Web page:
Location: Hopewell Cape, New Brunswick, Canada
Address: 131 Discovery Road
Date: July 2006
Hopewell Rocks in New Brunswick experience some of the highest tides in the world. There is only a 6 hour gap between high and low tide. You can walk on the ocean floor during low tide and then come back later in the day and see the water fill back in. You can see the difference between the two photos (above and below).
The resulting erosion from the tides has created the unusually shaped flowerpot rocks. These rocks experience higher erosion at their base and therefore appear to defy gravity.
Most recently in 2016 one of the more popular rock formations lost its battle with erosion and collapsed. This is just how erosion works and eventually all of the rocks will lose their fight against the water.
The erosion is accelerated by these high tides. Being immersed in water is not as damaging as having all that water push in and pull out again several times a day.
When the tide goes out, seaweed clings to the rock waiting to be happily submerged in water yet again.
We visited the Hopewell Rocks on two different days in order to see both high and low tides. There are tide timetables on their website that can help you plan your trip.
Most people want the experience of walking on the ocean floor when the tide is low. Later you can see the same area where the water level would be up over your head.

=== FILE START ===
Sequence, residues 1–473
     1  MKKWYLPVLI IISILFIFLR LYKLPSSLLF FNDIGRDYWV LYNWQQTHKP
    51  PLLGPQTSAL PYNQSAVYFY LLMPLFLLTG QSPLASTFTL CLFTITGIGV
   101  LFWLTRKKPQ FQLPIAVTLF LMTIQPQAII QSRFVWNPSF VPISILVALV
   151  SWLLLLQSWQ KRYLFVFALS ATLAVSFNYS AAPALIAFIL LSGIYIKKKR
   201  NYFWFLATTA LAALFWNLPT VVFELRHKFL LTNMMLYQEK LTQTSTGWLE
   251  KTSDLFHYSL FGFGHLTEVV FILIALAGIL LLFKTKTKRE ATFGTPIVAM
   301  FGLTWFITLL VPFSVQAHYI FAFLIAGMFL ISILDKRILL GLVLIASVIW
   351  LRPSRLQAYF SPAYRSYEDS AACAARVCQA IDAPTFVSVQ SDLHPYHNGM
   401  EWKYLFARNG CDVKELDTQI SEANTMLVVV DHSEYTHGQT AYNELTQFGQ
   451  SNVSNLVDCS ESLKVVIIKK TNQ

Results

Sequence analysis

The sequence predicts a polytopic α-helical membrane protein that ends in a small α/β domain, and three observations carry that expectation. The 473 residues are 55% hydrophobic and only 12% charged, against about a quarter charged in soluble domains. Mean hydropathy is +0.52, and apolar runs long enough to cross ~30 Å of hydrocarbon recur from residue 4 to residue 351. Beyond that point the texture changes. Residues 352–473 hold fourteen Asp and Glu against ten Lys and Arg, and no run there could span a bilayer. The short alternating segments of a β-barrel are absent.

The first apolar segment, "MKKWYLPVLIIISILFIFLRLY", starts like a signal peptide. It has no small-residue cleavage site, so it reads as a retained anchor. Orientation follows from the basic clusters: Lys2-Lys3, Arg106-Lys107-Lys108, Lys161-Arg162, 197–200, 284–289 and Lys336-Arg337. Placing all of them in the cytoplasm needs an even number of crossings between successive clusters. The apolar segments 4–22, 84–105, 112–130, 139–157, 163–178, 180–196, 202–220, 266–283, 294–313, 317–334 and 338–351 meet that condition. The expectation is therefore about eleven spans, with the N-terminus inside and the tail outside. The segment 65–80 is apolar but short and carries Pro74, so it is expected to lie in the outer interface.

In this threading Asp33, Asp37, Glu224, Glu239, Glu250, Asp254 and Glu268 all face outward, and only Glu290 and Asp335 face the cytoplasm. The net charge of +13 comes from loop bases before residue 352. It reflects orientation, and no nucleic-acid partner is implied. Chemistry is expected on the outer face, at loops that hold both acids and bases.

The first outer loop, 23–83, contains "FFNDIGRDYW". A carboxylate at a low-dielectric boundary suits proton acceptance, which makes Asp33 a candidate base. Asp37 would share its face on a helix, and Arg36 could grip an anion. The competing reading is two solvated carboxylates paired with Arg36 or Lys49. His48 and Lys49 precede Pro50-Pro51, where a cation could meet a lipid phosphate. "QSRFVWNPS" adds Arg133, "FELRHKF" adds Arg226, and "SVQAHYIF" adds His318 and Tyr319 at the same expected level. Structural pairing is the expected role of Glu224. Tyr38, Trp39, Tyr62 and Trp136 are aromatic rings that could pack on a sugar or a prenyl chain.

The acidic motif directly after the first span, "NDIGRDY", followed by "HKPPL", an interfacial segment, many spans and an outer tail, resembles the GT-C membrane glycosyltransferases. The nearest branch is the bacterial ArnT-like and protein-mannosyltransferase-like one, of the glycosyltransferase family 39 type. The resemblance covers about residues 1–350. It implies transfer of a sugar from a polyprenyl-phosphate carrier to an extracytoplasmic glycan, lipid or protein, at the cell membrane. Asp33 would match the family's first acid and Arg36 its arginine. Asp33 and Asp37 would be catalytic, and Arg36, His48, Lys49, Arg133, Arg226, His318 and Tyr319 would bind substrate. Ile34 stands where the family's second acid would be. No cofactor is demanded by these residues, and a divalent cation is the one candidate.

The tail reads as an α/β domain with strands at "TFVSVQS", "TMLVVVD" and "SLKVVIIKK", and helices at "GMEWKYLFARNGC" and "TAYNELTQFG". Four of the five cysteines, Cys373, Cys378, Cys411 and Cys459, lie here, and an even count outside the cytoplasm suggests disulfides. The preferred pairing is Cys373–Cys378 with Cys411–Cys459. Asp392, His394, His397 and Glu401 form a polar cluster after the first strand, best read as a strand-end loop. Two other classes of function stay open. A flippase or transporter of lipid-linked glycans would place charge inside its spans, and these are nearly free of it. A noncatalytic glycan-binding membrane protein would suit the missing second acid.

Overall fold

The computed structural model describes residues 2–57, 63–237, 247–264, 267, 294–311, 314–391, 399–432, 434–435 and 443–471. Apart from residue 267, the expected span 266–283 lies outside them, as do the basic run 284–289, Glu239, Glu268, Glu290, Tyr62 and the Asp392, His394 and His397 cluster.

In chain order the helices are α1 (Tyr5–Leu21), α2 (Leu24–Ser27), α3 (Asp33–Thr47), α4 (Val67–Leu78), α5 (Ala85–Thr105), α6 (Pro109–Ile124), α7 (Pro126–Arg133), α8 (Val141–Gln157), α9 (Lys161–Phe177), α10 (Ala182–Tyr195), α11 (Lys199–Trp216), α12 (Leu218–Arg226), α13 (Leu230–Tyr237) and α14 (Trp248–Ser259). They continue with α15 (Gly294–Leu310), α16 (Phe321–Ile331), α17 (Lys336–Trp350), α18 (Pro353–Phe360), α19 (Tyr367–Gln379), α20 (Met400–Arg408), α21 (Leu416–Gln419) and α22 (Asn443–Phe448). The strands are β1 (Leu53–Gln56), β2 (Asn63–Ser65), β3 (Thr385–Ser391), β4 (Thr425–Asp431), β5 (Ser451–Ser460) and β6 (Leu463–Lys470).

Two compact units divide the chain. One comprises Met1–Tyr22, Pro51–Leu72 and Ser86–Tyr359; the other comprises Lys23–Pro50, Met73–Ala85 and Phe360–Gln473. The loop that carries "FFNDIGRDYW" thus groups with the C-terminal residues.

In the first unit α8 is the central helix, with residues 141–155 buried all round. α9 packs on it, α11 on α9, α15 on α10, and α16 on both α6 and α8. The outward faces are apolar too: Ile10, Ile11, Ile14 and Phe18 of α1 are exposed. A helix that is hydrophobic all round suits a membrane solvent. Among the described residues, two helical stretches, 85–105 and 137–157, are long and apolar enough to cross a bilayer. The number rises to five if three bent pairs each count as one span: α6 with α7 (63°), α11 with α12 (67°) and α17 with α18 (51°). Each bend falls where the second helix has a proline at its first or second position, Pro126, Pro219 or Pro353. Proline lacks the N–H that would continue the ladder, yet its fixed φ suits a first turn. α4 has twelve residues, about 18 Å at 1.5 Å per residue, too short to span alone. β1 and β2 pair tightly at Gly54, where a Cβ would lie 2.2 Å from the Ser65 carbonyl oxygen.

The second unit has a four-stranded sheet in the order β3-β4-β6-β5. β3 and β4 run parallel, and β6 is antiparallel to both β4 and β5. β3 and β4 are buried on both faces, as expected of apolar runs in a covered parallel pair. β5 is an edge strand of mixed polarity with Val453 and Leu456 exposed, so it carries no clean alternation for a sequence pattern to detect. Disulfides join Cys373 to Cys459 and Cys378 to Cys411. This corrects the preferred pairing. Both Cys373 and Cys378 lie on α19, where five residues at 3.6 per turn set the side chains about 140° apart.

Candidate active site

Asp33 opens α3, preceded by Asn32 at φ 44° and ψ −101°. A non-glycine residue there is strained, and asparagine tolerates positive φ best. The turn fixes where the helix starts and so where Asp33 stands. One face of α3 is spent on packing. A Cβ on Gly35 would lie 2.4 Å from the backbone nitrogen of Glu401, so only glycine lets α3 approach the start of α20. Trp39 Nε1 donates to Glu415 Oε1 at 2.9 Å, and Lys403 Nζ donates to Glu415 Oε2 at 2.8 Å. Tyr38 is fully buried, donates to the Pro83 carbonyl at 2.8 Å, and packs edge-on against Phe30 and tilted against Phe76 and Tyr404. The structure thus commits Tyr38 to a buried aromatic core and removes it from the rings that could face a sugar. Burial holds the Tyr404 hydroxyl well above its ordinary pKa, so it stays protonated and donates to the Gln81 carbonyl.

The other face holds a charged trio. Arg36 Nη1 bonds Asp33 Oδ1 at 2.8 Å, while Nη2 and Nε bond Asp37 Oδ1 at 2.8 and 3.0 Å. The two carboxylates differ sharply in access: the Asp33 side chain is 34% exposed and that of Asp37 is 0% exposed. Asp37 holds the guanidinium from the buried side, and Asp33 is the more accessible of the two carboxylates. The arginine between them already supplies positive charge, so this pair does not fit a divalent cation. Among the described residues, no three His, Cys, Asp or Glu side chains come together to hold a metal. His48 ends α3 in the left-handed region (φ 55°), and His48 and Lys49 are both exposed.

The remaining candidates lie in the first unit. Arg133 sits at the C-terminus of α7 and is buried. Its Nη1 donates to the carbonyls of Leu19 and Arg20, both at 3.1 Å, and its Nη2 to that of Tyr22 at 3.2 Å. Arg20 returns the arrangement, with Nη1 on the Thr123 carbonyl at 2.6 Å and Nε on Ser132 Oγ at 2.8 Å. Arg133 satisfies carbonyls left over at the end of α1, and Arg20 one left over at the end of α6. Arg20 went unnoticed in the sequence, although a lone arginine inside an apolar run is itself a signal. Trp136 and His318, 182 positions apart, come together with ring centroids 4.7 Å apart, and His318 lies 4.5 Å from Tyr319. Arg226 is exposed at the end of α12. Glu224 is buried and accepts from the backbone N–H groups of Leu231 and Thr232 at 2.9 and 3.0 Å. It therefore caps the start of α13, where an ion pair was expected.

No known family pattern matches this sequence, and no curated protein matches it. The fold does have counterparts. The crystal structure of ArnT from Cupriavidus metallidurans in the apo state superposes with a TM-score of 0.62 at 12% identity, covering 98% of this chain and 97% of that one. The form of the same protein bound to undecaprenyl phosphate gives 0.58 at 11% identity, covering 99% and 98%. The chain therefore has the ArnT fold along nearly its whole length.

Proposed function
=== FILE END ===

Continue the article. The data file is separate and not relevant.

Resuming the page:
Some people rented kayaks in order to explore the rocks during hide tide. If you have good eyes you may be able to spot a kayak on the right hand side of the photo above.
We stayed in Moncton, New Brunswick where you can also experience the Tidal Bore. The river was dry. We then sat in the bleachers of Bore View Park and waited for the river to return. Sure enough it started to make its way back along the riverbed. It traveled sort of like how an overturned glass spills its contents across a counter top. A tidal bore is the name for the little wave that is created as the water is pushed back up the river by the tides. It has nothing to do with how exciting it is. While not a particularly dramatic event, it is a great example of how gravity, the moon, the sun and the earth affect the water on our planet.
The Bay of Fundy and the Hopewell Rocks area in general is a great spot to see what the tide brought in....and what it left behind.
Map of Our World
Hopewell Rocks Park , Bore View Park
Post # 184
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